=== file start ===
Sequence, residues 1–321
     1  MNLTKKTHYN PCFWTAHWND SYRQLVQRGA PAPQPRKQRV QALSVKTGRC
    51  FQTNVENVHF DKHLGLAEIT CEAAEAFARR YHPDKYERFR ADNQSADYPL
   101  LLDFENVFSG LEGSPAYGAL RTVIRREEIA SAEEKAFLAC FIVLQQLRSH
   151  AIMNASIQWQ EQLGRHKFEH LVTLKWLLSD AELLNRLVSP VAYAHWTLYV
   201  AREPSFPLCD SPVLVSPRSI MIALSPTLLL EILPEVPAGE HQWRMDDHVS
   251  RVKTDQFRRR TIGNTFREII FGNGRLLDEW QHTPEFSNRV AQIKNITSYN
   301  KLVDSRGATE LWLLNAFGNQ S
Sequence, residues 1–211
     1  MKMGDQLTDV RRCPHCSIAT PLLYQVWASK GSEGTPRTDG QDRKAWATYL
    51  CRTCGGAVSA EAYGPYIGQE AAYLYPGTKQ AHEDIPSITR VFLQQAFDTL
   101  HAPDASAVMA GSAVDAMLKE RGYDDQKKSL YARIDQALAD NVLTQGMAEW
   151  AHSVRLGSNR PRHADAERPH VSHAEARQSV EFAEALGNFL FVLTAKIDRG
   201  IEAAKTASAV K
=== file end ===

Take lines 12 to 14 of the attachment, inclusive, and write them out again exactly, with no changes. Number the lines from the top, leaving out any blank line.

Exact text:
   101  HAPDASAVMA GSAVDAMLKE RGYDDQKKSL YARIDQALAD NVLTQGMAEW
   151  AHSVRLGSNR PRHADAERPH VSHAEARQSV EFAEALGNFL FVLTAKIDRG
   201  IEAAKTASAV K